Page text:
Standing up to racist courts

In the pre-Civil War era, courts in the U.S. regularly gave legal cover to slave catchers to search across the countryside for runaway slaves in order to return them in chains to face torture, rape and murder. After abolition, Black people were convicted of petty or nonexistent “crimes” to create chain gangs as a “legal” source of slave labor, particularly in the South.

Courts were not used to prosecute lynch mobs and Klan murderers. They in fact acted to give them legal authority after the fact.

What about today? The huge number of oppressed people behind bars shows that the courts are just a transit point to fill the prisons with African-American and Latino/a youth. And even when a huge public campaign forces the killer of a Black teenager to be tried, the courts do not lose their racist character.

In the Florida trial of George Zimmerman, Trayvon Martin’s killer, there is not one African American on the jury.

Nevertheless, brave individuals will dare to stand up and speak the truth, even in this den of injustice. For two days, Rachel Jeantel, a high school senior and longtime friend of Martin, testified at Zimmerman’s trial. For hour after hour, she stood up to a withering cross-examination by Zimmerman’s lawyer that was clearly designed to put both Martin and her on trial.

On the night of Feb. 26, 2012, Jeantel was on her cell phone talking with unarmed Martin as he walked to his father’s home. He realized he was being stalked by Zimmerman. Jeantel told the court of Martin’s growing fear. She described how momentarily he thought he had lost his pursuer, only to discover that he was still being closely followed.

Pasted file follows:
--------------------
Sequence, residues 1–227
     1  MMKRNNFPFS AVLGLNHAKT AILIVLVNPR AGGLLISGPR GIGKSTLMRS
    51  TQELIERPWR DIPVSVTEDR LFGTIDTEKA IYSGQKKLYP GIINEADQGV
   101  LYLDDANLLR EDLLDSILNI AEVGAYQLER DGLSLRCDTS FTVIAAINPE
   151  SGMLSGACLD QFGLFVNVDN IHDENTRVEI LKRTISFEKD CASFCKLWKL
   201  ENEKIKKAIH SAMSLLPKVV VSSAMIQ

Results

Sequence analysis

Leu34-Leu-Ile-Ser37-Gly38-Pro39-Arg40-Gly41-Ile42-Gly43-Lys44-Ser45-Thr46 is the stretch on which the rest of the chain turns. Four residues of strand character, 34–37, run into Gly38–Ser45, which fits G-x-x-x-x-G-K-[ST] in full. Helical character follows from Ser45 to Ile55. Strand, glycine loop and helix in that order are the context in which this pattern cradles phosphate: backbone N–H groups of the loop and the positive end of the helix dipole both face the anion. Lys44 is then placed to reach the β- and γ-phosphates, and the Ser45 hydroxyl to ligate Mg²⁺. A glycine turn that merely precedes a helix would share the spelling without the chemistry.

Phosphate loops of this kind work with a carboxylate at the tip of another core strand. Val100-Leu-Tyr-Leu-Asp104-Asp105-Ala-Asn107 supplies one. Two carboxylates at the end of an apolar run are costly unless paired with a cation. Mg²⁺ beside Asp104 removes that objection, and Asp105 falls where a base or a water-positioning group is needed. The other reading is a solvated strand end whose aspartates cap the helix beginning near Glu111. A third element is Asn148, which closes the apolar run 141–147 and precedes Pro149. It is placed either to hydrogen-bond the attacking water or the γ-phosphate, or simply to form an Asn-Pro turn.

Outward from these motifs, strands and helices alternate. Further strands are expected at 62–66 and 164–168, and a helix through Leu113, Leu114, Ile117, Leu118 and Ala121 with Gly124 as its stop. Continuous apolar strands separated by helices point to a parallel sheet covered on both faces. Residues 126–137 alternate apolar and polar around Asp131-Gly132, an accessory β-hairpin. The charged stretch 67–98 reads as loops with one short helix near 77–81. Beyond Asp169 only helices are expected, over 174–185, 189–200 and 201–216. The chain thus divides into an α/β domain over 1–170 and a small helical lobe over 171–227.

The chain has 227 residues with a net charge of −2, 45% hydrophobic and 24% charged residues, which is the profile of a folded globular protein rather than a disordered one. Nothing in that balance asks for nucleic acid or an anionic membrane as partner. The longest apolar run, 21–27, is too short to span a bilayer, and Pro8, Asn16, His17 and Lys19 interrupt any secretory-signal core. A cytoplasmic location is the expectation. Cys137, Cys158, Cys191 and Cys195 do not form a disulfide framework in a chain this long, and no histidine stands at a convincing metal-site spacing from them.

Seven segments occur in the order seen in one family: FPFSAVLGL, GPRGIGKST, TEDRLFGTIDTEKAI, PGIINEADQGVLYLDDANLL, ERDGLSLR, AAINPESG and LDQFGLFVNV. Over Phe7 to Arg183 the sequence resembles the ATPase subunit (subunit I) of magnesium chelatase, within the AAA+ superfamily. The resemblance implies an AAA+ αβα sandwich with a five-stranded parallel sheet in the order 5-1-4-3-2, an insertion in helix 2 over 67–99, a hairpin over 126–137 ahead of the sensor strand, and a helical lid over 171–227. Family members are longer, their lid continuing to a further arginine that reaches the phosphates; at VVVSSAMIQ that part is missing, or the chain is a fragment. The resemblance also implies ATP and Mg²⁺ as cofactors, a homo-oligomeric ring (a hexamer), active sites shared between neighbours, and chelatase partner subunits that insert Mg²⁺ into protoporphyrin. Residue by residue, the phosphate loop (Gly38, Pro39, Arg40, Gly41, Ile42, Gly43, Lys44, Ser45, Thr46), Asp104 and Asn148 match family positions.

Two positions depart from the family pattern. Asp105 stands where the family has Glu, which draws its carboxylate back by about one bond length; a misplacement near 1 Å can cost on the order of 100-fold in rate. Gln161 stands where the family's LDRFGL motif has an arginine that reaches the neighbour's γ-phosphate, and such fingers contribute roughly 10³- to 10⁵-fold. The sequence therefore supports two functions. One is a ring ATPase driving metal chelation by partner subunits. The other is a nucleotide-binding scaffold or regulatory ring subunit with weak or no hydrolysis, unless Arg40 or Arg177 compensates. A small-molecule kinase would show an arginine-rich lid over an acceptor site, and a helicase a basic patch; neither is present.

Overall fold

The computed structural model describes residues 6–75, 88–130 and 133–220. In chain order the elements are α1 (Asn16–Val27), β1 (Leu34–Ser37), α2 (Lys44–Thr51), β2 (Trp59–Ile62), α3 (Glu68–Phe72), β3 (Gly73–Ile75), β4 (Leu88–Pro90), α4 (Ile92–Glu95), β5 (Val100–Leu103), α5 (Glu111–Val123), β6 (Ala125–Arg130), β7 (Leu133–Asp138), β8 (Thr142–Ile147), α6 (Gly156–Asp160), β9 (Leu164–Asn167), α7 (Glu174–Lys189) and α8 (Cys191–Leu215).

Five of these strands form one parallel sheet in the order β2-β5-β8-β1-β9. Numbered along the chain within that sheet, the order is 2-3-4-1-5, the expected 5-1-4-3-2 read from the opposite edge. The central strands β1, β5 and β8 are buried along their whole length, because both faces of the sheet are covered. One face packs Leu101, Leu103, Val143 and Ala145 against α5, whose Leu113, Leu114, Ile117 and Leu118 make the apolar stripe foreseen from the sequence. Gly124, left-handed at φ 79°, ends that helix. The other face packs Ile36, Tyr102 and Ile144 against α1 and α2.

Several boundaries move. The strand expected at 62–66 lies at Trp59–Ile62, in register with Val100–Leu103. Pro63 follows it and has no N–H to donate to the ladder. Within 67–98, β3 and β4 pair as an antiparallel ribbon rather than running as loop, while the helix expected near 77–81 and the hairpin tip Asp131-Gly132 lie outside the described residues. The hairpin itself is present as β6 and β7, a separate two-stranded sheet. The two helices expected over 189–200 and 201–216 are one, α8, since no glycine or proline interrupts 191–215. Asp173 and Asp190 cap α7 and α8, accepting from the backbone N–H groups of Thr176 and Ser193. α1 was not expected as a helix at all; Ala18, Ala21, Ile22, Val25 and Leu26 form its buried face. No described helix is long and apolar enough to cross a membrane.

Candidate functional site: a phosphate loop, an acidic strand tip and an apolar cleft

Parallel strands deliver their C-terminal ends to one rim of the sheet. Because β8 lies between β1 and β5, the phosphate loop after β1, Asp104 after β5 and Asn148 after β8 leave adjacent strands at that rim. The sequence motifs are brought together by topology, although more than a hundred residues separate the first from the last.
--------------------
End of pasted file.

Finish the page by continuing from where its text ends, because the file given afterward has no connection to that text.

Jeantel testified she heard Martin shouting, “Get off! Get off!” before the phone went dead. Zimmerman had shot the teenager through the heart.

Don West, Zimmerman’s lawyer, relentlessly attacked Jeantel and her devastating testimony. Over and over, he suggested that she “knew” that Martin had attacked Zimmerman before he was shot. And over and over, she said that was absolutely not true, that it was Zimmerman, not Martin, who started the fight and then killed her friend.

At one point, Jeantel said that Martin described his follower as a “creepy-ass cracker.” West seized on this to mean that it was Martin’s “racist” attitude toward his armed stalker that somehow caused his own death. Jeantel challenged that falsehood, saying that race was an issue because white Zimmerman was following Martin in the gated Florida neighborhood. Martin had done nothing. Why was Zimmerman pursuing him, unless he considered the Black youth a criminal for just being there? A profanity-laced tirade by Zimmerman against “those people,” quoted by the prosecutor, reinforced Rachel Jeantel’s point.

Testimony in the Zimmerman trial is expected to continue for two more weeks. Despite all the obstacles in seeking a fair trial in a U.S. court, the galvanized Black community campaign, combined with the courageous words of Rachel Jeantel, offer the best chance for justice in this case.

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